When general manager George McPhee added Troy Brouwer, Joel Ward, Jeff Halpern, Roman Hamrlik and Tomas Vokoun in a span of a couple weeks last summer, the Washington Capitals appeared to be one of, if not the best team in the NHL … on paper.
The Capitals had just finished with the most points in the Eastern Conference in back-to-back seasons, and McPhee upgraded the talent on the roster. Combine the additions with the expected progression of young players like John Carlson, Marcus Johansson and Michal Neuvirth, and there were the makings of an obvious Stanley Cup contender in Washington.
After a scorching start to the season, the Capitals’ 2011-12 campaign became a bit of a mess. Coach Bruce Boudreau was fired and replaced with first-time NHL coach Dale Hunter. The results did not improve as Hunter’s transition was handicapped by a concussion for top center Nicklas Backstrom and multiple injuries for top defenseman Mike Green.
There were players questioning the coach through the media. There were almost two different teams -- the one that played at Verizon Center and the one that struggled mightily on the road. In the end, the Capitals needed 81 games to clinch a playoff spot, but they are back in the postseason for the fifth consecutive year. They can even still claim the Southeast Division title Saturday with a win and a regulation loss by the Florida Panthers.
How did the Capitals still manage to make the postseason despite the turmoil and missed expectations? Here are a few reasons why:
1. A great start: Washington raced to a 7-0-0 record and looked like the best team in the League for the first two weeks of the season. Green was hurt during the seventh win, and the team really hasn’t been the same since. The Capitals lost 10 of the next 15 games before Boudreau was fired, and there hasn’t been a lot of consistent winning since -- they’ve won 34 of 74 since the opening streak.
2. Home cooking: The Capitals went 26-11-4 at Verizon Center this season. Only five teams will finish the campaign with more points collected at home. Washington has actually improved away from home during the closing stretch of the season, but the Capitals are still only 15-21-4 on the road with one contest to play.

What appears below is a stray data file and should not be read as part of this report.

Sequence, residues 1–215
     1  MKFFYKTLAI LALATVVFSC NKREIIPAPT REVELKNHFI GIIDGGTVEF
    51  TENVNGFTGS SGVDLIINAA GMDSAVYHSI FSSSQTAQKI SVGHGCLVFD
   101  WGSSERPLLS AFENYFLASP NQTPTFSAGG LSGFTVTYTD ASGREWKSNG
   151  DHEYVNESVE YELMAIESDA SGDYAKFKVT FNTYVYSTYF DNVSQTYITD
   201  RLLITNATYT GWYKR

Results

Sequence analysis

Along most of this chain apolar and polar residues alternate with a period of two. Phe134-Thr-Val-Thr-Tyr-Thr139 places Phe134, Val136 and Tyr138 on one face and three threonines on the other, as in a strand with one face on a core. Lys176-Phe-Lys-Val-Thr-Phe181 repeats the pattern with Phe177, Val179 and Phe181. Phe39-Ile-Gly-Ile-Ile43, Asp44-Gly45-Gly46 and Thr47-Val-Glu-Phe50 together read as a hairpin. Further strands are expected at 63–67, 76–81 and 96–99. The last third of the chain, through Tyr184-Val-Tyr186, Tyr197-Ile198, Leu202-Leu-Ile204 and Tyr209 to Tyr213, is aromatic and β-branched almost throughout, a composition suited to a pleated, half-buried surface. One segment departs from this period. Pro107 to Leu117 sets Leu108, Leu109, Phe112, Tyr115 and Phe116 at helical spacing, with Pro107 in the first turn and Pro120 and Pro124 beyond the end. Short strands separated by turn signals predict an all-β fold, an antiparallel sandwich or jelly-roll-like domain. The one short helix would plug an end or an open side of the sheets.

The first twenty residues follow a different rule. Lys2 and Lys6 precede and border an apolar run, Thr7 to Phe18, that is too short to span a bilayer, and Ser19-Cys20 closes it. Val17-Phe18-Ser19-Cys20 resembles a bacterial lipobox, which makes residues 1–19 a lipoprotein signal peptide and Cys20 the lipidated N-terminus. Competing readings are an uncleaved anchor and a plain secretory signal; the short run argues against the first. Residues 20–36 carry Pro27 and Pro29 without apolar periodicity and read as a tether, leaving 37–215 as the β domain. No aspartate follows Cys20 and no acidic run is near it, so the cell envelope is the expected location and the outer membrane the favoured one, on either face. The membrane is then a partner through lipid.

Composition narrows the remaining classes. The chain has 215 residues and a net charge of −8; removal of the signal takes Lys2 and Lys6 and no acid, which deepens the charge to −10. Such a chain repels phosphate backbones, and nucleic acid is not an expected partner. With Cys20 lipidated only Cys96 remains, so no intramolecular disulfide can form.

3. Goaltending depth: Neither Tomas Vokoun nor Michal Neuvirth has had a spectacular season, and both have missed time with injuries. Both had stretches of excellence, though, and with a little help from one of the best No. 3 goaltenders in the League in Braden Holtby, the position was still a strength for the Capitals. Had Vokoun not signed July 2 for the low price of $1.5 million, Washington could have had a serious problem when one of its goalies went down.
4. Karl Alzner became an elite defensive defensemen: Washington boasted an excess of riches with right-handed, offensive-minded defensemen in Green, Carlson and Dennis Wideman. Green and Carlson have had disappointing seasons, as have guys like Hamrlik and Jeff Schultz (though some of that was a playing time issue). The one guy on Washington’s defense corps who exceeded expectations was Alzner. Last season he and Carlson formed the team’s shutdown pairing, but while Carlson has scuffled at times in 2011-12, Alzner has faced some of the toughest competition at even strength in the NHL and been Washington’s best at the position at goal prevention.
5. Half a season from Nicklas Backstrom is better than nothing: Ovechkin is the face of the franchise, but Backstrom proved to be the soul of this team more than ever this season. He was easily the team’s MVP in the first half of the season before an illegal elbow to the head from Rene Bourque shelved Backstrom for three months. The team struggled to score at times without him, and a problem with depth at center that has lingered since Sergei Fedorov left town was exasperated by his absence. Having Backstrom back is the difference between Washington being cannon fodder for someone in the first round and the Capitals being a legitimately dangerous team that could advance.
6. Too much talent: This could probably be No. 1 on this list, but that roster McPhee constructed proved to be too deep and too talented not to make the playoffs -- especially in the East. Ovechkin had a second-straight season below expectations, but a strong March helped push him up the leaderboard in goals scored and helped save the Capitals when they could have collapsed. While Ward and Brouwer didn’t meet production expectations, Jason Chimera had a career year. Carlson and Johansson did not take a step forward as expected, but Alzner did. Green missed a ton of time with injuries, but Wideman had strong offensive numbers and rookie Dmitry Orlov joined the team after the season started and became a fixture in the lineup. Many players did not produce to the level of expectation their salaries suggest, but it was still enough to finish inside the top eight in the East.